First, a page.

investment opportunities in the sphere of companies whose SEC filings are
current. There is never, EVER an excuse for you to invest in a company
that is in a non-filing status. As an old acquaintance once said,
"There will always be another bus coming." Make sure the one you get on has
tires, seats, and a windshield.

So your first task, as an investor, is to get some SEC filings. If
you're reading this, you have the only tool you need (a web browser) to
get them. Go to Navigate to the EDGAR site. Search for
your company. Get as many of their 10-Q's and 10-K's as you can. It
will take you all of ten to fifteen minutes to accomplish this first task.

"Where is the current market pricing this company?"

As I watch novice investors, one rhetorical question I see all too
often goes along the lines of, "It's only 20 cents. How much downside can
there be?"

The downside of all stocks is the same. You can always lose 100% of
your investment. If you buy shares in a 20 cent stock and it goes to
zero, you lose all your money, same as if you buy a 20 dollar stock and it
goes to zero. Nominal price alone is not an indicator of a stock's
downside risk.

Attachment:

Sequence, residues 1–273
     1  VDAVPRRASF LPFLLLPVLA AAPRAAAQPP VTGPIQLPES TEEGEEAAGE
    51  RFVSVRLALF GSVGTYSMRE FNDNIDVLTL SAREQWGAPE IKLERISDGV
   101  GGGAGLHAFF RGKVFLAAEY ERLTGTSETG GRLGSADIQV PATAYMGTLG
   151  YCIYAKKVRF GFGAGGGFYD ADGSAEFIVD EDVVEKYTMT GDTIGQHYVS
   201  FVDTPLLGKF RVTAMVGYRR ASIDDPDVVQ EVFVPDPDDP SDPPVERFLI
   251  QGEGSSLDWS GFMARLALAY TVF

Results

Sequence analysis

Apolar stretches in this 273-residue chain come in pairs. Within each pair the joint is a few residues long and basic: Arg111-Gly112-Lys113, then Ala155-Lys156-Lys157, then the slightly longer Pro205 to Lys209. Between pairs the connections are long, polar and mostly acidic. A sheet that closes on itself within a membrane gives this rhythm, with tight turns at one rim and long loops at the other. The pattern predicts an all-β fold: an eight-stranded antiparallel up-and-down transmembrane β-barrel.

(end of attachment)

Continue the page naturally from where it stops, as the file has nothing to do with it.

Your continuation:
One of the most important numbers to find in your most recent 10-K or
10-Q is the fully diluted number of shares the company has outstanding.
Take this number and multiply it by the current share price. That's
where the market is currently valuing your investment candidate. And
your task as an investor is to decide whether the current market price is
justified given the rest of the information we will find in these K's
and Q's.

"What does an investor get for this current market price?"

Your first stop on a company's 10-K or 10-Q should be at their balance
sheet, specifically, the asset side of their balance sheet. What kind
of "stuff" does your candidate own? Certainly, you'll find some cash
and other "current assets". One "current asset" you should pay
particular attention to is "inventory". Every business obviously needs
inventory, but the value of the inventory on the balance sheet doesn't